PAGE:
Synchronous vs Asynchronous functions
- xmlhttp.send ($.ajax / $.get / $.post in jQuery)
Lets take a look at two quick examples to see why how syncrhonysity effects code execution.
Why does it matter
Angular uses a technique called “dirty checking” to determine when data has updated. However, dirty checking only works if code executes in a single thread. As soon as you start a new thread, dirty checking becomes unpredictable.
How do we use asynchronous functions with Angular? The short answer is that angular provides alternatives which allow dirty checking to work even for asyncrhnous functions. Those alternatives are
The long answer requires a deeper understanding of how angular works, so we’ll ignore it for now.
We called a
toString function which returns a string version of the object, however we did not define any
toString function. So who defined this function and how are we able to access it?
We are able to call
toString because it exists on the Object prototype. Each object you create inherits all the properties of the Object prototype. If you’re using chrome’s inspector can take a peek at the prototype of any object (or primitive such as number or string) by looking at the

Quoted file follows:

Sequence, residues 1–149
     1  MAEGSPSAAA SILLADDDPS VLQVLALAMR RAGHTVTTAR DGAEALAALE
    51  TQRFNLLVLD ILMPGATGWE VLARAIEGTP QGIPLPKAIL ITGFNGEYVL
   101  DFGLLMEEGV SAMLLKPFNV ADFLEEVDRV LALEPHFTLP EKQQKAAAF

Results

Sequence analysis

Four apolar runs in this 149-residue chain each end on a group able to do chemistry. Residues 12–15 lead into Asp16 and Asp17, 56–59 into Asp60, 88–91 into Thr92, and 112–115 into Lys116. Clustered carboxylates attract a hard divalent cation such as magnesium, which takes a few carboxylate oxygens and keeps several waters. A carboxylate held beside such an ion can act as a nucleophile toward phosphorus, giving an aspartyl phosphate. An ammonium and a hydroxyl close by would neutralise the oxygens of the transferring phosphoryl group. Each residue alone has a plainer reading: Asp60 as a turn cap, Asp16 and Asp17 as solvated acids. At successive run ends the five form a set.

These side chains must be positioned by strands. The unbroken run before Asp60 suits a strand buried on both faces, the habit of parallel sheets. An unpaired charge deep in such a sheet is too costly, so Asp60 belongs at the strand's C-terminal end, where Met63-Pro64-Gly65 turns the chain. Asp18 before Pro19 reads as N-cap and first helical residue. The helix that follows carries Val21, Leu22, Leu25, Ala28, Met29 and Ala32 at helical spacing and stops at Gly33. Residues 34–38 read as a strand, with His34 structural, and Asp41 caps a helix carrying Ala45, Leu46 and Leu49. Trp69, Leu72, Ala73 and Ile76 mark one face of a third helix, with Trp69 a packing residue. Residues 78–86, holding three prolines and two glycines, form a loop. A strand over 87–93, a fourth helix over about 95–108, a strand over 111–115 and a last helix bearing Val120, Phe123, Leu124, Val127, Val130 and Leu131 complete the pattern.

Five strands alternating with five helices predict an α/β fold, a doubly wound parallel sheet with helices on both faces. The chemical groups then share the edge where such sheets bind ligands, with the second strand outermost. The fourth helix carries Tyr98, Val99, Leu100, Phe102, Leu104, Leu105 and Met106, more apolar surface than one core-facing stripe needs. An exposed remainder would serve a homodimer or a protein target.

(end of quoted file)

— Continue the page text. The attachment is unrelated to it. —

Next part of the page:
__proto__ property and letting chrome autosuggest the properties for you. First lets create some test variables so we can check their prototype:
The object prototype
The string prototype
The number prototype
Why does it matter
Sometimes you need to pass a function as an argument. Here are some examples of times where we pass a function as an argument
When we pass a function as a argument, our function might expect arguments that it needs to interact with.
forEach is an example of that - it gets passed
index as arguments. However, these arguments need to be declared in the correct order. For example the following two
forEach functions below will do different things, just because the names of the arguments are switched.
Wouldn’t it be nice if the order of our arguments didn’t matter? If a function uses named parameters - then it doesn’t. All that matters is that the name of the argument is correct.
Let’s assume there is an function
namedForEach which gets passed a function we define and utilizes named parameters. In this case,
namedForEach will log the same text in both of the following functions, even though the parameters are switched.
If we only wanted one of the arguments we could simply list the argument we need and ignore the other.
Why it matters
Angular utilizes a concept called “dependency injection” to make our code more elegant. Imagine we have a function that requires a number of different libraries to work. We could pass those libraries as arguments to the function, but then we’d need to manage the logic of which functions need which variables. Named parameters rids us of this overhead - we simply list the libraries we need as arguiments.